// Thermosonic Bonding: Large Die to Substrate
Thermo-sonic bonding is the process of flip chip bonding a die to a substrate using gold as the interconnect while avoiding high temperatures.
Sounds pretty straight forward, but why then, is the process window so small regarding die size compared to surface area of gold, versus I/O count of the chip to substrate?
When bonding large die to a substrate with high I/O count there are some serious process issues that must be addressed for a successful bond.
The goal of thermo-sonic bonding, for the most part, is to "scrub" a gold bump into a gold pad, creating an electrical connection. When creating a profile, there are a few parameters needed -
- Ultrasonic energy, measured in Watts or Milliwatts
- Force, measured in Newtons (N)
- Time measured in seconds or milliseconds
As the I/O count increases, so does the force, time and ultrasonic energy. There is a simple calculation to find a starting point. Finding the optimum vacuum to hold the die during the bonding process is not as simple. The die has to be held by vacuum over the energy and the force. If the balance of force/energy compared to the vacuum is incorrect, the vacuum will not be sufficient and the die collet will begin to move on top of the die. This results in no energy being transferred from the interconnect of the die to the substrate. If a process gets to this point, it is close to the physical parameters that make thermo-sonic bonding a real challenge.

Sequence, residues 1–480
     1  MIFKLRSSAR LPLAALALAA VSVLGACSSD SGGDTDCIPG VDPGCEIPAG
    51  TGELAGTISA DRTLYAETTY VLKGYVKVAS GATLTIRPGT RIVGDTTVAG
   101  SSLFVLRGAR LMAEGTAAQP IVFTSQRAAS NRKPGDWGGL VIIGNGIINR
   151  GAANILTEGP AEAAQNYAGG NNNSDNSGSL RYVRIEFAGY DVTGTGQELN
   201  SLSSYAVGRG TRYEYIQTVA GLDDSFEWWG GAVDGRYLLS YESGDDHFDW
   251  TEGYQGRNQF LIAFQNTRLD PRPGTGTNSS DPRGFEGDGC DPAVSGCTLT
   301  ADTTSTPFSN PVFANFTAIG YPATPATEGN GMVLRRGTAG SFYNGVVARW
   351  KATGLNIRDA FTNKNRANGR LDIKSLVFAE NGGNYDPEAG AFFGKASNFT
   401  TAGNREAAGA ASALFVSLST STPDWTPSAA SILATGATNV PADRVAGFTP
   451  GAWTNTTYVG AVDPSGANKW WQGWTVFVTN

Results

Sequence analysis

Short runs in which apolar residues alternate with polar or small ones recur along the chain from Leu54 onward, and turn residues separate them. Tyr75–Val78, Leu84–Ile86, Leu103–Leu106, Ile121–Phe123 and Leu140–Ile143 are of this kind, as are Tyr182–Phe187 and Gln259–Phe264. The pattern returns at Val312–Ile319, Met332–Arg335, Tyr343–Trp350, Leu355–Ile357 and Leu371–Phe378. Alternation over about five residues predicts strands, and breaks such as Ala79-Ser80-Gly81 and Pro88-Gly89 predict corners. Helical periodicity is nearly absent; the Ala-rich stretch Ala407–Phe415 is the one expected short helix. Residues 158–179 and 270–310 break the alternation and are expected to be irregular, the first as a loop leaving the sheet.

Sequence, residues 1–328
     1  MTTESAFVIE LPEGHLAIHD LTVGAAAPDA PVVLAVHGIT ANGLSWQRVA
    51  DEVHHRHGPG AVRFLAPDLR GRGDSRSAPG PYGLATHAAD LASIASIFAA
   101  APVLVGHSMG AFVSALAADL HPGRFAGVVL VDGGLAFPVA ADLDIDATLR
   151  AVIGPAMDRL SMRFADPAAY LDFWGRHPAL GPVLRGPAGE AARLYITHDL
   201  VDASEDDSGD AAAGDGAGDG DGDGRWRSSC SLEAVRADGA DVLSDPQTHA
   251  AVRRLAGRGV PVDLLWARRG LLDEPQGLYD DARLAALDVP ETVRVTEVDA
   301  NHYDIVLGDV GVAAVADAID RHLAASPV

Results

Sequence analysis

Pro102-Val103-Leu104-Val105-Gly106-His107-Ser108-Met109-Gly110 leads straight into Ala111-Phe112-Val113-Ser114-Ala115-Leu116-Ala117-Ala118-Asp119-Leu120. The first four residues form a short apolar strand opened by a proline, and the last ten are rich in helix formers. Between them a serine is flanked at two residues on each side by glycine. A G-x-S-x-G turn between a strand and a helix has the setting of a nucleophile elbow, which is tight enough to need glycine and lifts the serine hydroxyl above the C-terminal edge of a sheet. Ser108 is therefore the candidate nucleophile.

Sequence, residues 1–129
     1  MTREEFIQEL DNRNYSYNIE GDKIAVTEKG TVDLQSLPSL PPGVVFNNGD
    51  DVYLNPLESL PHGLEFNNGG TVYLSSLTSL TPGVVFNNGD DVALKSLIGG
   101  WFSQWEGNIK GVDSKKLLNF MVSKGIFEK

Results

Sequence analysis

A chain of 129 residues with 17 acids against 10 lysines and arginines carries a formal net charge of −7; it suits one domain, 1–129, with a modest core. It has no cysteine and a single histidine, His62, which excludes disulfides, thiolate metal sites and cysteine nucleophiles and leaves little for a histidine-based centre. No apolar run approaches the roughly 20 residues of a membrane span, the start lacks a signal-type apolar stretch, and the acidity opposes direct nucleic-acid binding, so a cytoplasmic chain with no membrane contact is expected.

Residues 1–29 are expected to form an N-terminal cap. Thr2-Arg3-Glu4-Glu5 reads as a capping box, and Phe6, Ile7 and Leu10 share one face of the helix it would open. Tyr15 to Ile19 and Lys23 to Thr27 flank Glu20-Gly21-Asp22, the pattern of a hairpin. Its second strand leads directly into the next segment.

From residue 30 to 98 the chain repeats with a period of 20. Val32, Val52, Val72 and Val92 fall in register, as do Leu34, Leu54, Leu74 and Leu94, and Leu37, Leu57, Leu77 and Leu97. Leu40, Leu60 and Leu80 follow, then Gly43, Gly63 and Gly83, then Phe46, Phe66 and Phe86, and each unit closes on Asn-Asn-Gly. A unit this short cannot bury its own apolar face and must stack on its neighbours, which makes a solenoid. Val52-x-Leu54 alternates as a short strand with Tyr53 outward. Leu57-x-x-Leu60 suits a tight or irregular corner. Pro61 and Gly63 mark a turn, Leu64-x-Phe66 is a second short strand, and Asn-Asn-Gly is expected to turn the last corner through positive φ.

Imagine a very large die...say 25 x 25mm with 500 I/O's. Imagine the amount of energy, force needed to bond this size of die. Imagine how much vacuum you would need to hold the die over the force and energy. It’s not easy. This is a process issue found throughout the industry. The right equipment combined with the right process parameters can solve this problem. If you want to learn more about solving challenges with thermo-sonic bonding, contact us.
Stay tuned for Part 2 where we will explain the opposite problem, small die with few I/O's and how the processes compare.09/08/2014, created by: Robert Avila